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Looking back at going back to class
Sept. 1, 2017
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by Ivan Raconteur

Schools are conducting open houses, fall sports are starting, and in the newspaper office we have been compiling photos and biographies of new teachers.

These are all sure signs that it is back to class time.

Some literary friends and I recently shared some memories about this time of year.

There were two schools of thought when it came to going back to school.

Some hated the idea of going back to a regular class schedule after a summer of fun, especially the part that required getting up in the morning.

That’s understandable.

Some people need more sleep than others, and some just plain enjoy it more, so it’s no surprise that being dragged out of bed at an unnatural hour every morning would be a repugnant change for those people.

Others in our little group liked back to school season because of the trappings that came with it.

For some, this included a new pair of shoes.

In my case, this meant a seven-block walk down to old man Undeen’s Shoe Store with my mother.

The walls of his ancient lair were lined with stacks of shoes from the uneven floor to the tin-plated ceiling. It smelled of leather and the dust of decades, and many of the shoeboxes were yellowed with the passage of time.

Each fall, I was issued a new pair of sneakers. Apart from the size, they were always exactly the same as the year before. The style never changed, and I secretly suspected he had purchased a truckload of those shoes as war surplus, and had been doling them out to the neighborhood kids for decades.

School clothes were a tradition enjoyed by some of my colleagues.

I remember getting some new clothes for school, but as the youngest of four boys in my family, most of the clothes I wore had been handed down by brothers, and it had been a long time since they were new.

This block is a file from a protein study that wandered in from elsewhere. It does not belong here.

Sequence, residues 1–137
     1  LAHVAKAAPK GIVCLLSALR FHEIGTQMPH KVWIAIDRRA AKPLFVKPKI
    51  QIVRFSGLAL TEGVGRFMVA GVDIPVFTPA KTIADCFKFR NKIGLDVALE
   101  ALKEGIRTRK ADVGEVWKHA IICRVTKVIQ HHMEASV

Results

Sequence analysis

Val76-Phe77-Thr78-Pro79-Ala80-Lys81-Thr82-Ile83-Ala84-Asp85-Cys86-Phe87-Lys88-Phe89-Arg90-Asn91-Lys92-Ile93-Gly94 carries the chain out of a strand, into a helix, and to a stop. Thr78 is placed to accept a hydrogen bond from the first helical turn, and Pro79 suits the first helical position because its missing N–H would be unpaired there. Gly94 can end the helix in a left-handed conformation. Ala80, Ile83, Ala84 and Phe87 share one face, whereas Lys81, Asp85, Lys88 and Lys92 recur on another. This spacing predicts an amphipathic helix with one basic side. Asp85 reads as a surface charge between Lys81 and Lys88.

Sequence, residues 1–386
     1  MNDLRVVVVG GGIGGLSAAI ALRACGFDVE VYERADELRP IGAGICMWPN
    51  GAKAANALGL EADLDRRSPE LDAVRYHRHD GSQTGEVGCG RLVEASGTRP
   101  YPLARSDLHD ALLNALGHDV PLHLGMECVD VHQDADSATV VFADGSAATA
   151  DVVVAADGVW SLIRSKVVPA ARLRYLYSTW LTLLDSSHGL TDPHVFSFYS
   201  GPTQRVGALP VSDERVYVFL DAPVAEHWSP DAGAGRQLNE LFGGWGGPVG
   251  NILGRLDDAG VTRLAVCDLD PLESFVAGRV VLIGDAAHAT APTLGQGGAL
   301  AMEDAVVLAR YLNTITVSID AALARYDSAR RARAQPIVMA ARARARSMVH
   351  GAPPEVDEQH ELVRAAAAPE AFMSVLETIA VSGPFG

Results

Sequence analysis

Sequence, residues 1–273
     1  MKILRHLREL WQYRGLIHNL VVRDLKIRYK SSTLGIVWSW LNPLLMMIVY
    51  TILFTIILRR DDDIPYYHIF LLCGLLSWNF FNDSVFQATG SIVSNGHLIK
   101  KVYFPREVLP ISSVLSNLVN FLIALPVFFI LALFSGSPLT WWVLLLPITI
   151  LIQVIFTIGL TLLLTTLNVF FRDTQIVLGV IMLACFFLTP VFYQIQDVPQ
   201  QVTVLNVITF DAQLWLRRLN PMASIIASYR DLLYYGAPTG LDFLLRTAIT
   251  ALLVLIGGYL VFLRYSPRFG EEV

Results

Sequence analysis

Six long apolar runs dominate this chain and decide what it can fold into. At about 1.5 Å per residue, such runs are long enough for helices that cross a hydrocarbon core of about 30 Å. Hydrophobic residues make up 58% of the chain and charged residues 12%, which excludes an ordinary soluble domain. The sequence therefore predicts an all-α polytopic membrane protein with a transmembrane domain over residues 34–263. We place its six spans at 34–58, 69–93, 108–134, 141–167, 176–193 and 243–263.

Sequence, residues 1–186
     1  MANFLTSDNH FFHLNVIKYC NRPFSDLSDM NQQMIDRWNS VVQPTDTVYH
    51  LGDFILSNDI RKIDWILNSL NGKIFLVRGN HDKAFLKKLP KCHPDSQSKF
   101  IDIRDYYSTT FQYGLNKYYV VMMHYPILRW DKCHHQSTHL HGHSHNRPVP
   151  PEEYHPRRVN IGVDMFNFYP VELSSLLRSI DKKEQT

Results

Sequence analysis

Later on, when I was earning enough delivering papers, mowing lawns, and sweeping floors to buy my own clothes, I did enjoy the fun of shopping for a new school wardrobe.

Some in our group had fond memories of another sensory sign of school – the unmistakable aroma of a new box of crayons.

One woman noted she had always dreamed of owning a deluxe box of 64 Crayola crayons with the built-in sharpener in the back, but she had never received one.

My allocation was generally limited to the eight, or sometimes 16-crayon set.

I believe we all liked the new school supplies we received each fall.

My favorite was new notebooks, full of pages just waiting to be filled.

Even back then, I enjoyed writing, and I considered blank pages an inviting opportunity.

I remember the annual ritual of discovering which teachers I would have, and selecting classes for the new year.

Things have changed a lot since I was in school. Teachers today all seem to be about 18 years old, and even the most venerable ones have not yet turned 30 (at least that’s how it seems when I cover school events these days).

Back when I was in school, all the teachers were ancient. I’m pretty sure some of them were about 100, and had learned their routines ‘round about the Civil War.

These craggy-faced crones and ornery ogres weren’t interested in being popular with their students. Their goal was to break our spirits and make us toe the line.

Although I, like some of my friends, hated the loss of freedom that the start of school imposed, there was a brief period each fall during which I looked forward to the new term because of all the possibilities.

Even during my teenage years when I knew everything, I was still game for trying to learn new things, and the start of the new school year was full of promise.

Unfortunately, I am cursed with the shortest attention span in recorded history, so after about 15 minutes, or at least within the first two weeks, the novelty of the new school year wore off for me, and I was wishing I could go back to the uninterrupted bliss of summer, with no rules, schedules, or restrictions on my valuable time.

I lost interest in lessons long before my new sneakers lost their bounce, which is part of the reason that, despite my early optimism, I was generally a reluctant student.

Despite all that, I’d gladly trade my seven day per week job for a school schedule that included summers off.

Sometimes we just don’t appreciate what we’ve got until it’s gone.


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